Before his confirmation hearings, which even supporters found unimpressive, Tillerson had been offered a briefing from the State Department, as is customary practice. But Tillerson turned it down—though, according to one former official, it was Trump’s transition team who rejected the offer. Tillerson was left on his own as a result of the same bitterly partisan motives that have driven everything about the transition team—and now, assuming he does take the office, he’s left on his own quite literally.
Across the Potomac River, retired Gen. James Mattis, who has been confirmed as secretary of defense, appears to be holding the line. None of his second-tier officials have yet been nominated either, but he is highly respected in the Pentagon and he has convinced most of the incumbent deputy-, under-, and assistant secretaries to stick around until their replacements are named and confirmed. (The current deputy secretary of defense, Bob Work, may stay for a while longer.)
Mattis and the new CIA director, Mike Pompeo, even seem to have mustered the leverage to derail an executive order that Trump was set to sign on Wednesday resuming operations of CIA “black sites” and at least reviewing U.S. policy on torture, which was ended in 2006 and is currently banned by law. Just hours before the scheduled signing on Wednesday, the New York Times and Washington Post reported in detail on this “draft” order—which stunned Mattis and Pompeo, who had heard nothing about it. In his ABC interview, which was taped early that day, Trump confirmed that he would be signing this order along with two others on building the border wall and barring immigrants from certain Muslim countries. By the time he signed the orders, the one on black sites and torture wasn’t on the table. Press Secretary Sean Spicer denied that the draft in question was a White House order. The order, it turned out, came from the archive of Mitt Romney’s transition team during the 2012 election, with some of the language changed—for instance, “jihadist” became “Islamist.” But it was, without question, White House officials—probably National Security Adviser Michael Flynn or someone working for him—who retrieved the document and tried to revive it.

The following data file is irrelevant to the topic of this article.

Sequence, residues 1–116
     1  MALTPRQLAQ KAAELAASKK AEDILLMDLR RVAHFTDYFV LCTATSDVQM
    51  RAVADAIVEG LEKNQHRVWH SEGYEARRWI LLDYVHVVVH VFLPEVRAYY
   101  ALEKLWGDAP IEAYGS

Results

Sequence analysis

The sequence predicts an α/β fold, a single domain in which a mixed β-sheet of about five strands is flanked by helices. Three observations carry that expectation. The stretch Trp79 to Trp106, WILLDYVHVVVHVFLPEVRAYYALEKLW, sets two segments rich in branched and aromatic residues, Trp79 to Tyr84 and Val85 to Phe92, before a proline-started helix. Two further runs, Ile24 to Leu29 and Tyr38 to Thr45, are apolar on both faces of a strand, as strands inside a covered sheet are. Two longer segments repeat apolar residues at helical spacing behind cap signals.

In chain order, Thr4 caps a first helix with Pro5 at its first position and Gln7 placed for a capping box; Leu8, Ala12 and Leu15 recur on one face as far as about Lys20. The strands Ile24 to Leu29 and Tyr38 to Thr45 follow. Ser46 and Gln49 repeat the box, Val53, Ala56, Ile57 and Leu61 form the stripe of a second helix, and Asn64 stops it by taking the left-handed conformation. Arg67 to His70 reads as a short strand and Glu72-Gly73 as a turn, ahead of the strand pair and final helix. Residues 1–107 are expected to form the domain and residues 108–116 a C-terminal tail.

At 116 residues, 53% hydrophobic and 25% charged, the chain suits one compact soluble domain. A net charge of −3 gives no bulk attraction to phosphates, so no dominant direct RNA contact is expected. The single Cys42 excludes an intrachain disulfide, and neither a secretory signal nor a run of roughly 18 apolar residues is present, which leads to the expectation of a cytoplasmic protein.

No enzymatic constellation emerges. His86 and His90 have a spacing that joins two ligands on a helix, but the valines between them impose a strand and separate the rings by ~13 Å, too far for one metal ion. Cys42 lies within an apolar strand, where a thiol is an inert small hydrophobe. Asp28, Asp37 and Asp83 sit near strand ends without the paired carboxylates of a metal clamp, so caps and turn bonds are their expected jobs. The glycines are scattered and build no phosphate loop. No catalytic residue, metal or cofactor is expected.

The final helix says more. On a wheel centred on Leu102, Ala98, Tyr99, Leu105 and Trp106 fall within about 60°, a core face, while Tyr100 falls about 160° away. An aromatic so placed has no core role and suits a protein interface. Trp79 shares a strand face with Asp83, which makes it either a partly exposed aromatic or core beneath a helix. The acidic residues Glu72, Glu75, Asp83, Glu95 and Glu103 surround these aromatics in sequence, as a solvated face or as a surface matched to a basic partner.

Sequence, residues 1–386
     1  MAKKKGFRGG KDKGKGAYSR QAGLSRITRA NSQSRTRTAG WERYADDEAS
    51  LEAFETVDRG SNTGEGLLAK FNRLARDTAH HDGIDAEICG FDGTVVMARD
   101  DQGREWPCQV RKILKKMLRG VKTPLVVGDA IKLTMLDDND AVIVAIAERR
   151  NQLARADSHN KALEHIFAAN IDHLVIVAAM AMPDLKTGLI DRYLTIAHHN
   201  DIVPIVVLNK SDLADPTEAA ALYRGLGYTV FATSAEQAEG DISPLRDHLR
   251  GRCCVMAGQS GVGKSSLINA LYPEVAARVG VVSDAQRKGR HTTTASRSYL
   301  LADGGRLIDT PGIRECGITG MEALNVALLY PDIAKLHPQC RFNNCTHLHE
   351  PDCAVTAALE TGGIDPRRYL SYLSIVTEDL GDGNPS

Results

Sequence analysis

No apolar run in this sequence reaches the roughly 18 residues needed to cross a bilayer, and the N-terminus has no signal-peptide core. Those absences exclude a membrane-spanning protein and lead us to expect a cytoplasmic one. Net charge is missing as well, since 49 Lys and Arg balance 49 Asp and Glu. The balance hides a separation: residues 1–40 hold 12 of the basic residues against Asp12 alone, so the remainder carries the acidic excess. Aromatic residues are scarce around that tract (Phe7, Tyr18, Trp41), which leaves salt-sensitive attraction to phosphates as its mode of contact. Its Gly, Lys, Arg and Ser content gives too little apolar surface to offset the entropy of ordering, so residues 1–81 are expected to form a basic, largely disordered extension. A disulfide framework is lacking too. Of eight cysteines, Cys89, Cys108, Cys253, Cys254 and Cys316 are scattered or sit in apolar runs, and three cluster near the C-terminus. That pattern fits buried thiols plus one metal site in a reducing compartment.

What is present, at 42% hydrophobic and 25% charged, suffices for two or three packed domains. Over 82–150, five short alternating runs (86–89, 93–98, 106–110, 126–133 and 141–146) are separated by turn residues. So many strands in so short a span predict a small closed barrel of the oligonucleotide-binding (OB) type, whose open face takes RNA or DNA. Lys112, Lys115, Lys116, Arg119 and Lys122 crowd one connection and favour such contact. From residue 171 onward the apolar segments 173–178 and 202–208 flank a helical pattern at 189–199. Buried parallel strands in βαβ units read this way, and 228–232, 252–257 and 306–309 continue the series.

The episode of the discarded order suggests that, in some circumstances, Trump can be persuaded to ignore his instincts, at least for a while. In the ABC interview, Trump said that he still favored waterboarding, among other methods of extreme interrogation, because he felt that it worked and because some intelligence officials had told him that it worked. However, he added, “I will rely on Pompeo and Mattis and my group. And if they don’t wanna do [it], that’s fine.”
On other issues, though, it’s unclear whether moderating influences will be heard, much less whether they’ll prevail. It’s unclear where those moderating influences would originate. Not from the State Department, because for the moment, for all practical purposes, there is no State Department.